Cats with an uncomplicated infection caused by FVR will usually be treated symptomatically. Treatment will be determined by the specific clinical signs and problems that your cat is showing.
Infection involving the eyes may be treated with topical eye medications. It is extremely important to treat corneal ulcers aggressively to prevent permanent damage to the eyes. Cats with recurrent FVR conjunctivitis infections will often require treatment with antiviral ophthalmic drops or oral antiviral medications such as famciclovir (Famvir®). Some cats may respond to supplementation with L-lysine, an amino acid that may help reduce the severity of the disease as well as decrease the spread of the infection. Your veterinarian can recommend a specific dose.
"Antibiotics are often prescribed to control secondary bacterial infections from complicating the disease, particularly in kittens."
Antibiotics are often prescribed to control secondary bacterial infections from complicating the disease, particularly in kittens. Commonly used antibiotics are doxycycline (Vibramycin®), azithromycin (Zithromax®), and amoxicillin-clavulanate (Clavamox®). It is important to administer doxycycline in liquid form as pills can cause severe damage to the esophagus. If a pill must be used, it should be coated and at least 6 ml of water should be given afterward. A probiotic called FortiFlora® has been proven effective at reducing the length of illness. A new treatment called polyprenyl immunostimulant (VetImmunePI™) claims to boost the cat’s immune system to help fight the virus, and early studies show less illness in treated cats.
Cats with nasal or airway congestion may benefit from increased environmental humidification, such as being taken into a steamy bathroom for 10-15 minutes several times per day (see handout “Techniques for Nebulization and Coupage in Cats” for more information). To minimize irritation from discharges, it is often helpful to wipe them away from your cat's face or eyes with a moist tissue.
Since cats with a respiratory infection will have a decreased sense of smell, they often have a decreased appetite. Feeding a highly palatable and strong-smelling canned food may help improve their appetite. In some cases, an appetite stimulant may be prescribed.
If your cat is dehydrated, depressed, or has a severe case of illness, your veterinarian will recommend hospitalization for more intensive treatment, including intravenous fluids and other supportive treatments.
Are other cats in the household at risk of infection?
A cat that has an acute FVR infection will be infective to other cats during the incubation period and for up to three weeks after developing symptoms. A cat that is a carrier may always be infective to other cats. The risk of infection increases in cats that are unvaccinated, are young, or have chronic underlying problems. Adult cats that have been adequately vaccinated will likely only develop a mild case of illness, which may resolve without treatment. Affected cats must be isolated from other cats to avoid further spread of disease. It is always prudent to isolate any new cat from the other cats in your household for at least one to two weeks to minimize transmission of any infectious diseases.
Is my family at risk?
The upper respiratory infection that is caused by feline viral rhinotracheitis is only infectious to other cats. However, upper respiratory infections in cats can be caused by or complicated by bacterial infections, some of which might be contagious to humans. If you follow good hygiene practices, including proper hand washing after handling any cat, you will minimize the chance that you can get an illness from this or any other infectious disease. Consult your family physician if anyone in your family develops signs of a respiratory infection if your cat is ill.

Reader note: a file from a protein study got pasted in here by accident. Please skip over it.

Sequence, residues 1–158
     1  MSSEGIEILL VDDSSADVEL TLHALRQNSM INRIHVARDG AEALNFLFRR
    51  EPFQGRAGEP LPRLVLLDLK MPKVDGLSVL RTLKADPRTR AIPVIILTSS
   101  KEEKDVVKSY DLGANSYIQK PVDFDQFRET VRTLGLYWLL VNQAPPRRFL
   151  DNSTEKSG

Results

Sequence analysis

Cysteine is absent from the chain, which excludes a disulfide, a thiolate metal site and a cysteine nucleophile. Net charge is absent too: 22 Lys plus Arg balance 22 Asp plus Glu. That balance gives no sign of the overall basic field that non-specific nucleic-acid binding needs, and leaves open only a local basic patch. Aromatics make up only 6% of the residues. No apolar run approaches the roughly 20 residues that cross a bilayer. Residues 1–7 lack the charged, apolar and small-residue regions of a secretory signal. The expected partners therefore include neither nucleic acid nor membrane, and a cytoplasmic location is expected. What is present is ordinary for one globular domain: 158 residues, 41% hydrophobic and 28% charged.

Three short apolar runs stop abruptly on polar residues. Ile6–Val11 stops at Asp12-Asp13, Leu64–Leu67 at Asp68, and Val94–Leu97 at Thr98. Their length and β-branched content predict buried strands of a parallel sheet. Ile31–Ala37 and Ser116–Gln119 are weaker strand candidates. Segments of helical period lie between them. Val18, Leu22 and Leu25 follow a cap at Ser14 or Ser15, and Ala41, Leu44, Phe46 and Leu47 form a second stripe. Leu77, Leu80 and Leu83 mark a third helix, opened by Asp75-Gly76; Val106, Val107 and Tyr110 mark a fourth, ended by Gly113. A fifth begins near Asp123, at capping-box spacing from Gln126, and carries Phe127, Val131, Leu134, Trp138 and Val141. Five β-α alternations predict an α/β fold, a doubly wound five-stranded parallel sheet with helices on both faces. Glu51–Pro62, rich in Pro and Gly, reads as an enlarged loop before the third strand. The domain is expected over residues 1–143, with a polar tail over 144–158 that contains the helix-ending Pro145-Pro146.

How can this disease be prevented?
The standard core vaccines that are given to cats include a vaccine against feline viral rhinotracheitis. The FVR vaccine will not completely prevent an infection from occurring if your cat is exposed to the virus, but it will significantly reduce the severity of the infection and will shorten the length of the illness. Solid immunity to these viruses is not long-term and may be overcome by exposure to a high dose of virus. Therefore, the FVR vaccine needs to be boostered on a regular basis. Your veterinarian will advise you on the recommended booster schedule for your cat based on its lifestyle and risk of disease.
"Your veterinarian will advise you on the recommended booster schedule for your cat..."
A cat that is a carrier of FVR may benefit from periodic boosters with the intranasal herpes and calicivirus vaccine (up to two to three times per year), which may prevent reactivation of the virus, thus decreasing the likelihood of recurrent infection and of viral shedding.
Boarding facilities, humane societies, animal shelters, and cat shows are all places where susceptible cats can be readily exposed to these infectious diseases. If you plan on boarding or showing your cat, consult your veterinarian about the need for a booster vaccine at least two weeks before the planned event.
Preventing direct contact between your cat and other cats will greatly minimize the chance that your cat will pick up an infection, while following good sanitation and hygiene practices, such as washing your hands thoroughly before and after petting another cat, will further reduce the likelihood of disease spread between cats. If your cat has had an FVR infection, you should keep her indoors to prevent the spread of this infection to other cats in your neighborhood.
What is the prognosis for a cat diagnosed with FVR?
There is no cure for herpes virus infections. The therapeutic goal is to reduce the frequency and severity of recurrences. Most cats respond well to medical management of the condition and lead normal lives. Minimizing the chance of infection, ensuring excellent nutrition by feeding a veterinary-recommended diet, reducing stressful situations, and following an appropriate vaccination schedule are your cat's best defense against this disease.